Missile attack in Syria kills 26 pro-regime fighters

Damascus: A Syria war monitoring group has said an overnight missile attack in the country’s northern region has killed 26 pro-regime fighters, mostly Iranians.
The Britain-based Syrian Observatory for Human Rights said the attack appears to have been carried out by Israel and targeted an arms depot for surface-to-surface missiles at a base in northern Syria known as Brigade 47. The Observatory said four Syrians were also among casualties.
Tehran has sent thousands of Iran-backed fighters to back Bashar al Assad’s forces in the country’s seven-year civil war.
The monitor also reported missiles hitting positions near the Nairab air base and Aleppo airport.
Earlier on Monday, Syrian regime TV reported a “new aggression,” with missiles targeting military outposts in northern Syria.
Syrian regime TV reported early on Monday that the missiles targeted outposts in the Hama and Aleppo countryside. It did not say who fired the missiles or whether there were any casualties or damage.
The news comes less than two weeks after a similar report of air strikes on regime installations in the central Homs region and the suburbs of Damascus. But the regime forces later said a false alarm had set off air defence systems.
Earlier this month, seven Iranian military personnel were killed in an air strike on Syria’s T4 air base in the central Homs province. Syria, Iran and Russia blamed Israel for that attack. Israel, which has frequently targeted what it says are weapons shipments to the Lebanese militant group Hezbollah in Syria, did not confirm or deny it.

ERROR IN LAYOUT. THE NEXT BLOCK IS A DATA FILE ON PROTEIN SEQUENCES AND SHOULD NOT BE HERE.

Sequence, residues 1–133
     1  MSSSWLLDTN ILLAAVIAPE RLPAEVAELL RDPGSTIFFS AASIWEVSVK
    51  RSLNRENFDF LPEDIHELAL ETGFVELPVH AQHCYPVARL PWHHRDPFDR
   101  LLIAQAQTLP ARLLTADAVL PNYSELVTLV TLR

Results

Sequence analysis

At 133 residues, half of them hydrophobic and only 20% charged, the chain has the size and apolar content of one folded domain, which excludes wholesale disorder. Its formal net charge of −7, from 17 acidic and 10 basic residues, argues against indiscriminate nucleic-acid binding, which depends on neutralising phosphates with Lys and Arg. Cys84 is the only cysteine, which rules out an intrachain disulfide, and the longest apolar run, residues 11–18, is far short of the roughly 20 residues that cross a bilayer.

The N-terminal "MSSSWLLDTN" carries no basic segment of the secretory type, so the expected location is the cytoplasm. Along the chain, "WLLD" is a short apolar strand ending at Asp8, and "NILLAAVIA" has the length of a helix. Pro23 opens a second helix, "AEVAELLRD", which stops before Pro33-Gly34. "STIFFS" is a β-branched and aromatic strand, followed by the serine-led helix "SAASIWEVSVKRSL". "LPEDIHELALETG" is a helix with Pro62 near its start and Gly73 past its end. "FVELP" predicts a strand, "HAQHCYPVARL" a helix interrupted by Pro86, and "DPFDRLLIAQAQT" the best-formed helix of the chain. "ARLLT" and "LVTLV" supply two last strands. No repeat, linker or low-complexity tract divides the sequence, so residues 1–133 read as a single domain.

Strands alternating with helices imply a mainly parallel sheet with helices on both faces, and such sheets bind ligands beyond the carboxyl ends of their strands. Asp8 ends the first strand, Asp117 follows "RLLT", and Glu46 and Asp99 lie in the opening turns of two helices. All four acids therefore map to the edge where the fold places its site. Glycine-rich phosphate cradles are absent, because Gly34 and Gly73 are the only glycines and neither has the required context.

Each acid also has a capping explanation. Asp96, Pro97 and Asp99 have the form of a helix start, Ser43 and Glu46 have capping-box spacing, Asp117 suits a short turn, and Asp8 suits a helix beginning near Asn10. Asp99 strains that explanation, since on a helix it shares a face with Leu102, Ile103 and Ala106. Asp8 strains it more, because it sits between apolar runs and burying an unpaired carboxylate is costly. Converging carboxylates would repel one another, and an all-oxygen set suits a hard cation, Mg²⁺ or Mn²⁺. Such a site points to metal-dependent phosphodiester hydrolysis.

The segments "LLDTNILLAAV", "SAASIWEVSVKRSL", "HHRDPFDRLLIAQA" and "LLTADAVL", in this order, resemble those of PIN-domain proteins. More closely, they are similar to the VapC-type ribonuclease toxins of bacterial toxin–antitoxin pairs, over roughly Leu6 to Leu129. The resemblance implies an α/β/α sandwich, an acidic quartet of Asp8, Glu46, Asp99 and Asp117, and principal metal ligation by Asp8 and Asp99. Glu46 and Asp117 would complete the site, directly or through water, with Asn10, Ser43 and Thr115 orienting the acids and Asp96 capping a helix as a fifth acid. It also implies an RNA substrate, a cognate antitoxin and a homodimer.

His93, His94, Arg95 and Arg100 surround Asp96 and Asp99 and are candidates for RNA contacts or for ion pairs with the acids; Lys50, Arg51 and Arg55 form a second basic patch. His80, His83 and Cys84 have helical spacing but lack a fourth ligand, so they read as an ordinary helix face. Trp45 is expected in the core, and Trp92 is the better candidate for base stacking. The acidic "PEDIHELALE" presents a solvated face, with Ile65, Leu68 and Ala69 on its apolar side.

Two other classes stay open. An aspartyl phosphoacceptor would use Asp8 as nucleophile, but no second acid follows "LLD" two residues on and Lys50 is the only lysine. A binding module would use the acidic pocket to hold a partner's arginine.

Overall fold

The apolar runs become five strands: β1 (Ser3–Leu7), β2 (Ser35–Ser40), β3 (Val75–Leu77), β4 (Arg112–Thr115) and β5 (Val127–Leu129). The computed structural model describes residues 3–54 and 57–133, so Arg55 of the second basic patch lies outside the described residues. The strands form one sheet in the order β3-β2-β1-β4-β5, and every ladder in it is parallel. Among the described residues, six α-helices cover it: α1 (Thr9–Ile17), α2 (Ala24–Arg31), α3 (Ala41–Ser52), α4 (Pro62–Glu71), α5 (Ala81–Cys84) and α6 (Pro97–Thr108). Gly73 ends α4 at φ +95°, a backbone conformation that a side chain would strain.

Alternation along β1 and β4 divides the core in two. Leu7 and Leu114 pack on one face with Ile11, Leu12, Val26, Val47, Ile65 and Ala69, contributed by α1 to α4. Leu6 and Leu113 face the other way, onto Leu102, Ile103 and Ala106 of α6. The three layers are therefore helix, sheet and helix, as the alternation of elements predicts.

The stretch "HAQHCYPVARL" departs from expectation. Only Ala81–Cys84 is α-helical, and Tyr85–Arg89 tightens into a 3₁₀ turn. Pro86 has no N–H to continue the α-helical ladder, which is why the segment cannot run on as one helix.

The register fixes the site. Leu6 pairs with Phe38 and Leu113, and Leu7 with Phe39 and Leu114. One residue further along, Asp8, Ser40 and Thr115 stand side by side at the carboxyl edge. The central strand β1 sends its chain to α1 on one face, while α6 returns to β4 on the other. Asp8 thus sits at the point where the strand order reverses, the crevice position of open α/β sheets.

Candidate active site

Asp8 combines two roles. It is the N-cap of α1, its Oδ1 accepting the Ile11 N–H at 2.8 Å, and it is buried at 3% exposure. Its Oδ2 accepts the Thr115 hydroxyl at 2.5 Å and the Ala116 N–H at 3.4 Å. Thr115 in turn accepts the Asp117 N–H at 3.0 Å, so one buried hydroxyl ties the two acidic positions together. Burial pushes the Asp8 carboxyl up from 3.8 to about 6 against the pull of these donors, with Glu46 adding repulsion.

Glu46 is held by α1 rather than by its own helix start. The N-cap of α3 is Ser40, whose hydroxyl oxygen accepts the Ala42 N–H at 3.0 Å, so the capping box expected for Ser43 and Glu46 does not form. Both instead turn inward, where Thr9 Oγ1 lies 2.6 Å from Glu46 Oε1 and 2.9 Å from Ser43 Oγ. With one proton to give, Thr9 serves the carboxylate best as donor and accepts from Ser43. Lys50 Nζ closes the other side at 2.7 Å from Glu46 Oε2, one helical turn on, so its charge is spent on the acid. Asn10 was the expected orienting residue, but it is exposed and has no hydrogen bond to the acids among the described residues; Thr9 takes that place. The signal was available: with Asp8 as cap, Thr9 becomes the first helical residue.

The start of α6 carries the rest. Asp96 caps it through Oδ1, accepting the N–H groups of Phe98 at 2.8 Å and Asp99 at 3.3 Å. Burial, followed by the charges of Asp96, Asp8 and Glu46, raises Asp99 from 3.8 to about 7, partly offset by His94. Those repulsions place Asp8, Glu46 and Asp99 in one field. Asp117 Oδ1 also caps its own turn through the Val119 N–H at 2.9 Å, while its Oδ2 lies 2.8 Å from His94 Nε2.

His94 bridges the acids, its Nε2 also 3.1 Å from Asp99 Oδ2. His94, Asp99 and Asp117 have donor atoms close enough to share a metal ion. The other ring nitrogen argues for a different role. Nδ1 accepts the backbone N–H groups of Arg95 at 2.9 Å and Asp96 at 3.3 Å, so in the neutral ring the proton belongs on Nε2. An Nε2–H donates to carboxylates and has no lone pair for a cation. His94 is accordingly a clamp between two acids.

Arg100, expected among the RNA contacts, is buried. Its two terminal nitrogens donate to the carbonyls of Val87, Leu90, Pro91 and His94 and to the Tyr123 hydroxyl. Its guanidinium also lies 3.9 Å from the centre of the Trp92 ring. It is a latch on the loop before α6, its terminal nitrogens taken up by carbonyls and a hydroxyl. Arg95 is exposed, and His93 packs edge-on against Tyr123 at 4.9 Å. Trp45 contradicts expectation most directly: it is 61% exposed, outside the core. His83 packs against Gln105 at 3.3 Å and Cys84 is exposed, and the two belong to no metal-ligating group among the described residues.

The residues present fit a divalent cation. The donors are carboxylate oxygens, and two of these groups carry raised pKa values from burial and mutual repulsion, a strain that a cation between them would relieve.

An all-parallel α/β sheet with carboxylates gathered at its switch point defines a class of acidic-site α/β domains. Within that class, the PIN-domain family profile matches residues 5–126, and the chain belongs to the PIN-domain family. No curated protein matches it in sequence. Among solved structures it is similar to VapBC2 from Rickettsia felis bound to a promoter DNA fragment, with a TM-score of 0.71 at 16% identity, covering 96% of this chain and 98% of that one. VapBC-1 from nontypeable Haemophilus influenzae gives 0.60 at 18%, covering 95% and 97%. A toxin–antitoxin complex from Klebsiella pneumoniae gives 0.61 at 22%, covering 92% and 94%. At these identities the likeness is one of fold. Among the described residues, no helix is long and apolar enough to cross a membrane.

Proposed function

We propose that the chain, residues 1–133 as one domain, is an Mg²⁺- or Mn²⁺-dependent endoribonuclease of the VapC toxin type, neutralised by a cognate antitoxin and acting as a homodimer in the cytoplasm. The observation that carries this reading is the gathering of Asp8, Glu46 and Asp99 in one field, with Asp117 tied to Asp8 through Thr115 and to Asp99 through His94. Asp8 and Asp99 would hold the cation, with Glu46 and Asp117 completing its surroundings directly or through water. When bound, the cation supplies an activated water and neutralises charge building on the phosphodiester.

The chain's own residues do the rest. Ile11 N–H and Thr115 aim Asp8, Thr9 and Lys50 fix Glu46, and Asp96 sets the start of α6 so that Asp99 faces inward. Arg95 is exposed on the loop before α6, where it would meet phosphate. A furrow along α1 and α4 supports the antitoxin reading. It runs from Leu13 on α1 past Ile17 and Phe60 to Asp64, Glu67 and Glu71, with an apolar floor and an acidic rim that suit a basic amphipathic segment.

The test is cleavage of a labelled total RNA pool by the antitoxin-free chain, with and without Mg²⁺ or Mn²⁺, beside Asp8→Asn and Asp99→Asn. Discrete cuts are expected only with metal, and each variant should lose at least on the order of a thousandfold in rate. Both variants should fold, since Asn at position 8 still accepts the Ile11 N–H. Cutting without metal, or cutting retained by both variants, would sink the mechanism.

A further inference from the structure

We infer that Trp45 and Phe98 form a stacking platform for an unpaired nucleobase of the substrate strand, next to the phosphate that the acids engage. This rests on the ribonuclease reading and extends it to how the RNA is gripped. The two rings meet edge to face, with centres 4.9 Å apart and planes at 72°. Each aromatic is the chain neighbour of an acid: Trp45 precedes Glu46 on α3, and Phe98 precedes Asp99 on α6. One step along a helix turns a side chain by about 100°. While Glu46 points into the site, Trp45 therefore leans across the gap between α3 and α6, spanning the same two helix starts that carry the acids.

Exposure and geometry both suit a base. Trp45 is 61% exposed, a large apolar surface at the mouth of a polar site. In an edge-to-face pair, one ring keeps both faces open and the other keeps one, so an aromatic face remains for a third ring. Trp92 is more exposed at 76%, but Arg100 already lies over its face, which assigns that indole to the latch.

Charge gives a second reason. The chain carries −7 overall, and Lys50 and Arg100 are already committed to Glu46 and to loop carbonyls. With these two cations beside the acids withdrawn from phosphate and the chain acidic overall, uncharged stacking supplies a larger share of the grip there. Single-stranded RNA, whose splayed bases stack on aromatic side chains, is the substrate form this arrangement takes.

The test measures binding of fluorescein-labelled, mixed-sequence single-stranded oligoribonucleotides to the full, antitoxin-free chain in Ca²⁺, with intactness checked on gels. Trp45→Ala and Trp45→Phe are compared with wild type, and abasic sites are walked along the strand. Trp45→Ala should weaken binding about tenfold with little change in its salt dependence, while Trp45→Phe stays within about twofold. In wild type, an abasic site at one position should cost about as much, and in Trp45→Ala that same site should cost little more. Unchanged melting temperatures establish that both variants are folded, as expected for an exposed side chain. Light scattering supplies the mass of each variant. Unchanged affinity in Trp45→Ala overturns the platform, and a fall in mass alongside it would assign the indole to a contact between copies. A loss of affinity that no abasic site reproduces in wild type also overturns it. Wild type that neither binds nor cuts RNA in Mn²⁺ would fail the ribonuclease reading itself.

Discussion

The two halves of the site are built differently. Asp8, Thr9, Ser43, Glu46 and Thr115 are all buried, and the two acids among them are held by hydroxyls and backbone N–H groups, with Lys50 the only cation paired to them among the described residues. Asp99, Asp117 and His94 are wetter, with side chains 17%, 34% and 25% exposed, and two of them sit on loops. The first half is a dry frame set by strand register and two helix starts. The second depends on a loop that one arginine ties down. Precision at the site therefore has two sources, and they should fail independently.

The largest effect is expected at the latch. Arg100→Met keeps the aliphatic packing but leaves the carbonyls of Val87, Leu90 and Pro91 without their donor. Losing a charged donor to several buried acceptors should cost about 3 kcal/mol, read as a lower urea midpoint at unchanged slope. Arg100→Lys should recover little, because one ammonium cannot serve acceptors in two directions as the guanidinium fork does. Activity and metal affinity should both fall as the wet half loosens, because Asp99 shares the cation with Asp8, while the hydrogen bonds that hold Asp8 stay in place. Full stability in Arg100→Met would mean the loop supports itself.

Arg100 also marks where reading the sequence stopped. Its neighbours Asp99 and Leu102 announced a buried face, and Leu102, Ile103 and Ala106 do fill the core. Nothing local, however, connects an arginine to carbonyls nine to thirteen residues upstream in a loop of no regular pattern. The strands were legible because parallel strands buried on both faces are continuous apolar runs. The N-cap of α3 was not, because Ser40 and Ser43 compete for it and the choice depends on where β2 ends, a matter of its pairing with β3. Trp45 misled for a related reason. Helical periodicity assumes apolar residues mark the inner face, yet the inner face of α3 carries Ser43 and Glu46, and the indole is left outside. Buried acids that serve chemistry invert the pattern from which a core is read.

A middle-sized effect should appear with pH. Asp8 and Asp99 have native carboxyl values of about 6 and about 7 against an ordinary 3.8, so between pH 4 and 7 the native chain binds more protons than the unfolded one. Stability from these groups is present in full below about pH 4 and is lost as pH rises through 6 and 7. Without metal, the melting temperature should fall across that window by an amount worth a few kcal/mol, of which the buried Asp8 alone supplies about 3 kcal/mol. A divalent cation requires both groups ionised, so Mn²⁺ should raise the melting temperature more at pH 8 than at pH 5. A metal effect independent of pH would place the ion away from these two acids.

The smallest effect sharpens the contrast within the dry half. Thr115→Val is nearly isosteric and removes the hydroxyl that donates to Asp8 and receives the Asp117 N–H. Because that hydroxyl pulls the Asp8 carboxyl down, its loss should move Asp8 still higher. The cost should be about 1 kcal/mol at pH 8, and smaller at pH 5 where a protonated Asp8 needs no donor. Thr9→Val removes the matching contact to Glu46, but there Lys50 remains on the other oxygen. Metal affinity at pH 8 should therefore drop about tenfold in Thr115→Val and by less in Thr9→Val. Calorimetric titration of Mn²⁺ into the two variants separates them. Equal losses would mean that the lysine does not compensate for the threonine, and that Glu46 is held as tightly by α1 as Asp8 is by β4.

The US, Britain and France also carried out joint air strikes on Syrian regime facilities April 13, in retaliation for a suspected chemical weapons attack on a rebel-held town near Damascus they blamed on Bashar al Assad’s regime.
There was no immediate comment from Israel or the United States.
Briefly captured
Syrian regime forces on Sunday briefly captured four villages east of the Euphrates River in the eastern province of Deir Ezzor after rare clashes with the US-backed Syrian Democratic Forces (SDF), then lost the area in a counteroffensive by the YPG-led force.
The area close to the border with Iraq has been the site of recent clashes between the two sides that had been focusing on fighting Daesh.
Crossings into the east bank of the Euphrates in eastern Syria by regime forces have been rare.
The regime’s news agency SANA said the villages briefly captured by regime forces on Sunday were held by the SDF, adding that they are close to the provincial capital, also called Deir Ezzor. The SDF – largely comprised of YPG militants with ties to the PKK, which is recognised as a terrorist organisation by Turkey, the US and the EU – said in a statement later that it regained control of the whole area it earlier lost.
Much of Deir Ezzor province was held by Daesh but over the past year Syrian regime forces captured most areas west of the Euphrates while SDF militants took areas east of the river.
On February 7, pro-Syrian regime fighters attacked SDF positions east of the river and faced a ferocious US counterattack that left dozens, including Russians, dead.
The Syrian Observatory for Human Rights said Sunday’s offensive left six SDF militants dead and 22 wounded, adding that there were also casualties on the regime side.
The Observatory’s chief Rami Abdurrahman said SDF militants took back most of the area except for one village.